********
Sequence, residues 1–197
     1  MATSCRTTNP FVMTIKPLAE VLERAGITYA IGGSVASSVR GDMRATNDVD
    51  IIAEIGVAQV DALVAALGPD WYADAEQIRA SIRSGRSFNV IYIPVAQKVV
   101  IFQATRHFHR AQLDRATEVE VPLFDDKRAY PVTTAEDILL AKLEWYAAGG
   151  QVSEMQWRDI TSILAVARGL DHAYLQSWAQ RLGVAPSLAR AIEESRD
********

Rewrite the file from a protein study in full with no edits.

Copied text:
Sequence, residues 1–197
     1  MATSCRTTNP FVMTIKPLAE VLERAGITYA IGGSVASSVR GDMRATNDVD
    51  IIAEIGVAQV DALVAALGPD WYADAEQIRA SIRSGRSFNV IYIPVAQKVV
   101  IFQATRHFHR AQLDRATEVE VPLFDDKRAY PVTTAEDILL AKLEWYAAGG
   151  QVSEMQWRDI TSILAVARGL DHAYLQSWAQ RLGVAPSLAR AIEESRD